Docket No. 5871-64.
Bernard R. Panfel, for the petitioner. Joel Kamens, for the respondent.
Bernard R. Panfel, for the petitioner. Joel Kamens, for the respondent.
Held, that amounts paid to the petitioner by her former husband pursuant to judgments of the State court granting a separation are includable in her gross income under sec. 71(a) of the Internal Revenue Code of 1954, since no portion thereof was fixed by such judgments as a sum which is payable for support of minor children of the husband, within the meaning of sec. 71(b) of the Code.
The respondent determined deficiencies in income tax for the taxable years 1958, 1959, 1960, 1961, and 1962 in the respective amounts of $679.33, $738.04, $915.95, $809.91, and $755.80. The only issue is whether any portion of the amount of $6,000 paid to the petitioner by her former husband during each of the taxable years in question pursuant to the provisions of a State court separate maintenance judgment (and an amended judgment) is excludable from the petitioner's gross income as representing amounts paid for the support of the petitioner's minor children.
FINDINGS OF FACT
Some of the facts have been stipulated and the stipulations are incorporated herein by this reference.
The petitioner, a resident of Brooklyn, N.Y., filed her Federal income tax returns for the taxable years 1958 through 1962 with the district director of internal revenue, Brooklyn, N.Y.
On October 15, 1956, the petitioner and her then husband, Harry Talberth, entered into a separation agreement which provided in part:
it is agreed that the HUSBAND shall pay to the WIFE, the sum of Six Hundred ($600.) Dollars per month, a total of Seven Thousand Two Hundred ($7,200.) Dollars annually. For tax purposes, said sum shall be allocated as follows: Two Thousand ($2,000.) Dollars a year payable to the WIFE for her support and Five Thousand Two Hundred ($5,200.) Dollars a year payable for the support of the three (3) children of this marriage. * * * In the event that the WIFE shall remarry or die, then the payment of the sum of Two Thousand ($2,000.) Dollars a year by the HUSBAND to the WIFE in installments of Eight ($80.) Dollars twice a month, shall cease and be discontinued as of the date of the remarriage or death of the WIFE.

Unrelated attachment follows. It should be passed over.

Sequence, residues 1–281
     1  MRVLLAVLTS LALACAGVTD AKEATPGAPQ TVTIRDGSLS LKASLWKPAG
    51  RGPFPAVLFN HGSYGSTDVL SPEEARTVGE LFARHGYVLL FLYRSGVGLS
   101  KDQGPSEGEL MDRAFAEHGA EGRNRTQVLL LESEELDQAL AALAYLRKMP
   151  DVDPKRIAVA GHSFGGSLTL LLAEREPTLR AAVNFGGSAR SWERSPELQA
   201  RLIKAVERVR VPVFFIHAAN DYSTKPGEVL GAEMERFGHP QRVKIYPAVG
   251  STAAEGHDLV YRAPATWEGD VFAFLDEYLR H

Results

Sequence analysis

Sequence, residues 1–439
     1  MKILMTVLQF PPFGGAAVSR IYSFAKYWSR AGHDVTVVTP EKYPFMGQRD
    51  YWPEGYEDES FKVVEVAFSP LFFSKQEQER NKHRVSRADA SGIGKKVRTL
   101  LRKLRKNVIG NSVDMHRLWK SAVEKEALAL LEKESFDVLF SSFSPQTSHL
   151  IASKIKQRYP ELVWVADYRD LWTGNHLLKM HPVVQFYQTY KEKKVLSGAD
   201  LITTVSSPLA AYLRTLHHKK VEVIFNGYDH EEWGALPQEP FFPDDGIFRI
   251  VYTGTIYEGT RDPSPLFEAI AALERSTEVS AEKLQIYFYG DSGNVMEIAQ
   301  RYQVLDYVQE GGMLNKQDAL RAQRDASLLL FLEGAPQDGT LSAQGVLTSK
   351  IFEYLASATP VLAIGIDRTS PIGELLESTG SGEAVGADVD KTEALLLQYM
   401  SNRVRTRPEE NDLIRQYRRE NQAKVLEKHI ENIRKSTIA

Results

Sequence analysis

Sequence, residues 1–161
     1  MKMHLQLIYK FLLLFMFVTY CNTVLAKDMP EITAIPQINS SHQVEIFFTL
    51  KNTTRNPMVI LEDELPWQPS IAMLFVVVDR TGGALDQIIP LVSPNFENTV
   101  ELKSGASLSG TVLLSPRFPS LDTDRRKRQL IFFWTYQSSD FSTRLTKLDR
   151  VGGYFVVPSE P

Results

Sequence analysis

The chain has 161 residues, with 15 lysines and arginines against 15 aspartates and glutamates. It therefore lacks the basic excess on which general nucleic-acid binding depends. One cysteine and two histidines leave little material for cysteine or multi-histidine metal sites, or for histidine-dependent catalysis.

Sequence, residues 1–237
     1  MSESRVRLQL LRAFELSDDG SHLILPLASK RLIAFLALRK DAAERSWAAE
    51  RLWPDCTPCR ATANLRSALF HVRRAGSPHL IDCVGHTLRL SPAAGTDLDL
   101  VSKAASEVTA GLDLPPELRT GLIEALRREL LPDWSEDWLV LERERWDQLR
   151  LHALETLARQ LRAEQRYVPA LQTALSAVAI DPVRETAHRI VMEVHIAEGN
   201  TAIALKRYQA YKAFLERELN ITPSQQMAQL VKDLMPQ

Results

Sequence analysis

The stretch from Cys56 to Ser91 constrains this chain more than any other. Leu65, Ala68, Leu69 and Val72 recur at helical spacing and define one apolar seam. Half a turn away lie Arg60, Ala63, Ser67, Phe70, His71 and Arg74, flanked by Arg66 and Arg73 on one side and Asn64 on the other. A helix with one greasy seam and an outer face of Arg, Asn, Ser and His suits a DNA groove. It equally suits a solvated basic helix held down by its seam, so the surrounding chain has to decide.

On November 14, 1956, the Supreme Court of New York in and for Kings County, N.Y., entered a judgment granting the petitioner a separation from her husband and custody of the children. The judgment provided in part:
that the defendant be and he hereby is directed to pay to the plaintiff the total annual sum of $7,200.00, and that for tax purposes only, the said sum is allocated as follows: $2,000.00 a year payable to the plaintiff for her support and $5,200.00 a year payable to the plaintiff for the support of the three infant children * * * .
The petitioner's husband obtained a divorce from her in the Circuit Court, State of Alabama, county of Marion, on November 19, 1956.